Explore Plants

Share

Ask Mr. Smarty Plants

Ask Mr. Smarty Plants is a free service provided by the staff and volunteers at the Lady Bird Johnson Wildflower Center.

Search Smarty Plants
    
 

Can't find the answer in our existing FAQs, submit a question to Mr. Smarty Plants.
Need help with plant identification, visit the plant identification page.

rate this answer
Not Yet Rated

Thursday - April 17, 2008

From: Baltimore, MD
Region: Mid-Atlantic
Topic: Pollinators, Propagation, Shrubs
Title: Failure of hybridized red hollies to grow
Answered by: Barbara Medford

QUESTION:

I have 2 red hollies planted in my yard about 20' apart, 3 years now. They won't grow. Do I need to have a male with them?

ANSWER:

The native North American members of the genus Ilex (holly) that will grow in the Baltimore area are Ilex decidua (possumhaw), Ilex opaca (American holly), and Ilex verticillata (common winterberry). None of those seemed to be the "Red Holly" you were referring to, but we discovered that there a number of cultivars that have been hybridized from the native hollies that have come to be called red hollies. Here is an article from the Mississippi State Office of Agricultural Communication on Red Holly. When you have a hybridized plant, that makes it a little difficult to determine what its normal growing habit would be, so we really don't know why your hollies are not growing as you expected. We can tell you, however, that it has nothing to do with the gender of the plants. The gender of the plants comes into play when you are seeking to have berries on your hollies. Only the females produce berries, and there will be no or very few berries if there is not a male pollinator in the area. The standard wisdom on that is that there should be one male plant (of the appropriate flowering time) in close proximity to three to five female plants, to ensure good pollination and fruit set.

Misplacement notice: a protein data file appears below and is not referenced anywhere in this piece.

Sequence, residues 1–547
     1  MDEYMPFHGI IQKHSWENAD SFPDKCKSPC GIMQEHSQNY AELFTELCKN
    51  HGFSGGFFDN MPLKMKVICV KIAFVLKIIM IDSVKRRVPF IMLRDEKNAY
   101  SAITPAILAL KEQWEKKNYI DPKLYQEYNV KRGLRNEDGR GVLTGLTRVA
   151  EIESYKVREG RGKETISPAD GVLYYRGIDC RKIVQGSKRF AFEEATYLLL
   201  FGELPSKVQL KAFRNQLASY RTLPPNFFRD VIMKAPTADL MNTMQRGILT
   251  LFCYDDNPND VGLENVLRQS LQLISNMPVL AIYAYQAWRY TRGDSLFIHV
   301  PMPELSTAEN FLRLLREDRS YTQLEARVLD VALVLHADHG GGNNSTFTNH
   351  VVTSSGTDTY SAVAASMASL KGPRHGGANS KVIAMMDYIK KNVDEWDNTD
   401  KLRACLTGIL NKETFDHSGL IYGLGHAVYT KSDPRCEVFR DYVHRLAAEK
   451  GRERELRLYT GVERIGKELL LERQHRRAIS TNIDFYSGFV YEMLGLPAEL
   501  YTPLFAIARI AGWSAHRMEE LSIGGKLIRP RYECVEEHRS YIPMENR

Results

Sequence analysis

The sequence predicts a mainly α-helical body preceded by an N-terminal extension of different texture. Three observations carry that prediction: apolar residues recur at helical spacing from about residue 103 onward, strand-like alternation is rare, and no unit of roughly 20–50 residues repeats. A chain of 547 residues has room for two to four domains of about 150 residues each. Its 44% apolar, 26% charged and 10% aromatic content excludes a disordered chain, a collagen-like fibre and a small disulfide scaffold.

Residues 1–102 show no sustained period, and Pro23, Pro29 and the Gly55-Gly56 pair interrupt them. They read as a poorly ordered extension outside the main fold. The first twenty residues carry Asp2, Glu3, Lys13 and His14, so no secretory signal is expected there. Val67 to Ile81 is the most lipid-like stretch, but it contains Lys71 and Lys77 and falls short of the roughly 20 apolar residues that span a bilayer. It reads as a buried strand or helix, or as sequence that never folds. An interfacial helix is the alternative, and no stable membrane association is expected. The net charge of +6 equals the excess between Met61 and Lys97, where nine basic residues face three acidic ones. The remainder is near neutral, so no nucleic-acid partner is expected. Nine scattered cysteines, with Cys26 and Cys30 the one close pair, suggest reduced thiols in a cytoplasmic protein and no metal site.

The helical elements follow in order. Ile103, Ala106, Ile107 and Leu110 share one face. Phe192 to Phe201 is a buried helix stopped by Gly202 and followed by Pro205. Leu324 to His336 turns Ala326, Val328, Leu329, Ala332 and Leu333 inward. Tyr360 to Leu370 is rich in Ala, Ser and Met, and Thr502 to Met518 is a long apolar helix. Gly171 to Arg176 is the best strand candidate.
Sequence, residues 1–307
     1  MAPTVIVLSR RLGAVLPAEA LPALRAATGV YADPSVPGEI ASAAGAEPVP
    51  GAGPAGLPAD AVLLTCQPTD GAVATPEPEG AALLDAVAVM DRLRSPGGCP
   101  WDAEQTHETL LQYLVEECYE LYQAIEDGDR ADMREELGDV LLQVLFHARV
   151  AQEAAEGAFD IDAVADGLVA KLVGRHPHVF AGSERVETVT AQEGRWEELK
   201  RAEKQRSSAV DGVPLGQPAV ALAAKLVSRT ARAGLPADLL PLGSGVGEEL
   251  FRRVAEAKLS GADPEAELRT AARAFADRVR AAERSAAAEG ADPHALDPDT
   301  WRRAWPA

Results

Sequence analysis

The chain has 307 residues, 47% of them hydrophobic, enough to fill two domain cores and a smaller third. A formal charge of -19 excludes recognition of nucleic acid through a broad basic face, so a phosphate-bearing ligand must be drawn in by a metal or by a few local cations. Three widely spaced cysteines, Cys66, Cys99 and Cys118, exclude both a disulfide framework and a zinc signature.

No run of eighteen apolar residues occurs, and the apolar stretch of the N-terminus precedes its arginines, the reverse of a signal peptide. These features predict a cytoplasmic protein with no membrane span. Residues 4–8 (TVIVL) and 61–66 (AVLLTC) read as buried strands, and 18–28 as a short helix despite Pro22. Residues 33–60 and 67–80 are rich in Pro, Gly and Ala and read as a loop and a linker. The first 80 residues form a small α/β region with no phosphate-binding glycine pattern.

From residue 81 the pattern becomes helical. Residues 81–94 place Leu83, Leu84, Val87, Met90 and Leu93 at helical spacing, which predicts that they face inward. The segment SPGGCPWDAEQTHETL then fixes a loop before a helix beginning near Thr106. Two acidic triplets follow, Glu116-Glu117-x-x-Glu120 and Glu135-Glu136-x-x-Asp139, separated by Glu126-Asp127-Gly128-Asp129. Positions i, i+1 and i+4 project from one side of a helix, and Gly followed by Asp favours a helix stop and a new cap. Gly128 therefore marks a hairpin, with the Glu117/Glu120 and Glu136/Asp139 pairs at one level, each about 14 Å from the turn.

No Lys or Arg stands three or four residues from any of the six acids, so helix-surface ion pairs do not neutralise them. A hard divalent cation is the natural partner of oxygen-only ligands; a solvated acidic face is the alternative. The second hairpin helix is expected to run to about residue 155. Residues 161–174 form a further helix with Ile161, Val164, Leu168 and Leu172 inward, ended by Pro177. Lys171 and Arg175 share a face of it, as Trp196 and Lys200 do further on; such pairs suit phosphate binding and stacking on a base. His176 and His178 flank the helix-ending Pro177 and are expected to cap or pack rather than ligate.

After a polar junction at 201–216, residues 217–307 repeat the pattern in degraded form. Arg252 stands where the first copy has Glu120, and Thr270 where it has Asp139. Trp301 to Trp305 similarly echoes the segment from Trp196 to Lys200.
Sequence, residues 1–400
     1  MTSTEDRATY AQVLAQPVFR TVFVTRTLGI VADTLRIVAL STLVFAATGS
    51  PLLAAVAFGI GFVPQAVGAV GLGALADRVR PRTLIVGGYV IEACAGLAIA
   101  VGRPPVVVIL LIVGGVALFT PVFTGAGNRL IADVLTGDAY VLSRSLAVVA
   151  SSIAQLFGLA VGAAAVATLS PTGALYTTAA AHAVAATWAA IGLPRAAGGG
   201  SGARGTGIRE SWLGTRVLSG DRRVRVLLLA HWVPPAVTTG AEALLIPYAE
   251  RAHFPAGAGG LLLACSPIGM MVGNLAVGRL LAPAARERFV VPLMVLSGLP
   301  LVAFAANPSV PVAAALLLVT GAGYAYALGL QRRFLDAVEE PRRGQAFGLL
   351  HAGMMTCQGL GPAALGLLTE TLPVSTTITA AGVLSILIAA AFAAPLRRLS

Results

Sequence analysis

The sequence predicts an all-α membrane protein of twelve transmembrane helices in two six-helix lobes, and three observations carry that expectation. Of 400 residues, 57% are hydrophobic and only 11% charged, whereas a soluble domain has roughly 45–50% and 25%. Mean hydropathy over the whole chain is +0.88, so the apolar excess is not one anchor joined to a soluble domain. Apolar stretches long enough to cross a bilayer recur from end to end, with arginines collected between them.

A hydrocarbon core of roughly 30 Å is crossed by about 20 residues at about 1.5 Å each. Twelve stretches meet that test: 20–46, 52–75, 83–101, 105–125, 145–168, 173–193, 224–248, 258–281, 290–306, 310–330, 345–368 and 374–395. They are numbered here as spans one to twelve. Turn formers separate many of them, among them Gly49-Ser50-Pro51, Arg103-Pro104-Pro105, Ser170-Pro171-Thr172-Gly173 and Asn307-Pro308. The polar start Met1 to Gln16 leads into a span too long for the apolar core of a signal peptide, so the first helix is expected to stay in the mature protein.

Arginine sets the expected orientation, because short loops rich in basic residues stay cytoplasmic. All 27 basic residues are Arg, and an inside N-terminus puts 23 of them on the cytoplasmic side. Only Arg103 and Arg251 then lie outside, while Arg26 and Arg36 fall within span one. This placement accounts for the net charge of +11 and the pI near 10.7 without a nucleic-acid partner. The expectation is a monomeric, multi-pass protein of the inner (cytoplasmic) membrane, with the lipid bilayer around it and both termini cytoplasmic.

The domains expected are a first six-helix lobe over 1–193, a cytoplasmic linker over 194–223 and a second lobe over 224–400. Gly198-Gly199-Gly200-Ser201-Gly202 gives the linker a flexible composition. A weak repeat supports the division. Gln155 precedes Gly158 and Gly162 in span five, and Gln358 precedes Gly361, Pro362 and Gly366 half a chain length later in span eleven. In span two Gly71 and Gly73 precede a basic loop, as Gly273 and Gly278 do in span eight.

But to get back to your original question, why are your hollies not growing? Since they are no doubt hybrids of a native Ilex, cultural requirements should not be that different. If you will follow the plant links above to the descriptive webpages from our Native Plant Database, you will learn that the holly is a very slow-growing plant. They also prefer moist, well-drained soils, and are tolerant of shade. It looks like the prescription is for patience. If you don't see any obvious indications of insect or disease problems, it's likely that the hollies are just taking their sweet time getting adjusted to the conditions in your garden, and will grow when they're ready.

 

 

More Shrubs Questions

Need a shrub to conceal a privacy fence in Knightdale, NC.
August 03, 2011 - Could you recommend a medium-sized shrub/bush (max height of 6-7 feet) to plant along a privacy fence (purpose is to conceal the fence from the street view per HOA)? I live in Zone 8.
view the full question and answer

Container plants for part shade in Bee Cave TX
June 18, 2013 - Dear Mr Smarty Pants, I am looking for plants that will thrive on my covered porch in 3 tall planters. These are meant to help me block an unattractive view out my living room window, so they must...
view the full question and answer

Moving a volunteer holly from Springfield IL
October 11, 2010 - When would be the very best time to move a volunteer holly? I would say it is 3 years old, it stands about 5 feet tall, shaped like a very nice tree and it keeps its leaves. Thank you. Karen
view the full question and answer

Shrubs for privacy in wet area in Ohio
July 13, 2011 - I am looking for flowering shrubs for Ohio that reach 8-10 feet and can handle wet feet. I am trying to avoid building a wall for privacy and would like to use flowering shrubs instead.
view the full question and answer

Diseased non-native red tip photinias from Richmond VA
April 08, 2014 - Our red tip trees have a while substance on the bark at the base of each tree..look like some kind of fungus or mold, but we don't know how to get rid of it. Please help.
view the full question and answer

Smarty Plants's Facebook profile Support the Wildflower Center by Donating Online or Becoming a Member today.

Mr. Smarty Plants wants you to be his Facebook friend. Click the Facebook icon to add yourself to Mr. Smarty Plants list of friends.